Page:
National, Ethnic and Religious Identities: Hybridity and the case of the Polish Tatars
Questions of hybridity and multiple identities are over-theorised but the number of empirical studies is limited. The present study examines some of the discursive devices used in two Polish Tatar magazines for managing narratives about their national, ethnic and religious identities. The Polish Tatars are a numerically small group that have lived for more than 600 years in Catholic Poland. For them, being a Tatar, Muslim and Pole at the same time, is central to their self-understanding, and they do not want to limit the importance of any of these. Two main strategies of narrative identity management were identified, related to identity definitions and identity connections. The former gives layered understandings about Polish Tatar identity: a factual one in which a local and historical connection is made and a spiritual one in which belonging to an imagined symbolic community is stressed. The latter provides reconciliation between identities by stressing their similarities and relations, by emphasizing the contributions made by Tatars to Polish society, and by presenting the Tatars as potentially being in a unique mediating position between Islam and Christianity. In the near future, Tatars' strategies for creating a hybrid identity might be challenged by global and more local developments.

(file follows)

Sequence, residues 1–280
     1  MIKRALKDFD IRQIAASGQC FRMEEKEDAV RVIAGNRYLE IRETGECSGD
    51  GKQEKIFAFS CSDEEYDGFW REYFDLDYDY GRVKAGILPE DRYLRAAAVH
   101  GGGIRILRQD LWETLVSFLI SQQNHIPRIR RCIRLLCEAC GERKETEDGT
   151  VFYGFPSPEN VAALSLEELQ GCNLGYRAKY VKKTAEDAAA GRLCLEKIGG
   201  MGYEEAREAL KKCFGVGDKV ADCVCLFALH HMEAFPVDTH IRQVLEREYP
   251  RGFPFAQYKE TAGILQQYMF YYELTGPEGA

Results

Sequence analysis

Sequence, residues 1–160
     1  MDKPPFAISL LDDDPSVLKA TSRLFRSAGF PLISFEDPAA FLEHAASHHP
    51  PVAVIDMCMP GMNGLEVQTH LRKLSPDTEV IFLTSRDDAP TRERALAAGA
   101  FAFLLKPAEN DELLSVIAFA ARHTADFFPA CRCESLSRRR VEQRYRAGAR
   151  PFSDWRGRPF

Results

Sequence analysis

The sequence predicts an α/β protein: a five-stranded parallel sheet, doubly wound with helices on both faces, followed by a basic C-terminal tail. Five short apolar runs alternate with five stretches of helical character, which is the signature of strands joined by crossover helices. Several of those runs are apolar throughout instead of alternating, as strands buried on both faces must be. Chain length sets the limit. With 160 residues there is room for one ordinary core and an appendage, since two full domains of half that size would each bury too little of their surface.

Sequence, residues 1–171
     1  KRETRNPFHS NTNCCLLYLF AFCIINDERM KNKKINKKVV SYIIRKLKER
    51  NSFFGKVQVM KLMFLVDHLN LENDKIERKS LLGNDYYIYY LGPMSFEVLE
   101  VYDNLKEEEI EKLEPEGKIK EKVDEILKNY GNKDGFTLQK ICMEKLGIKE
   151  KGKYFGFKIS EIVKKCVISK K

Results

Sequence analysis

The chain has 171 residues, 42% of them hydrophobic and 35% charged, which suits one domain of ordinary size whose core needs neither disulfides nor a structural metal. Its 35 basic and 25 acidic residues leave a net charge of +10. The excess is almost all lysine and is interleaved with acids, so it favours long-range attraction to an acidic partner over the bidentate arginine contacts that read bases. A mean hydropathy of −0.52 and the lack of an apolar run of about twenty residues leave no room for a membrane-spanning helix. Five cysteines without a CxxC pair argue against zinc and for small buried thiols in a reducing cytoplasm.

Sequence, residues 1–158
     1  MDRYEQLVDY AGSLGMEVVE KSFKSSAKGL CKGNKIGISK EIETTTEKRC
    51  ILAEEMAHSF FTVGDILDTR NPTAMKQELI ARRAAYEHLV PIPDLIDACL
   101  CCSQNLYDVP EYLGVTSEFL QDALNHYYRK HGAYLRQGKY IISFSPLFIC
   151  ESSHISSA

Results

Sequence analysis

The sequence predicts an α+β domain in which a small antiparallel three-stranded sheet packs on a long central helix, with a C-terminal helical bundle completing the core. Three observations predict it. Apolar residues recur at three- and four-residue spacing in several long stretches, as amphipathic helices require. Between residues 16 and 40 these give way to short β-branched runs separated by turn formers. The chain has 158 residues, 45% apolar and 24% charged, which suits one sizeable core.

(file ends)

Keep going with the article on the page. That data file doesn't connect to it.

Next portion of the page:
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Document Type: Research Article
Publication date: 2006-06-01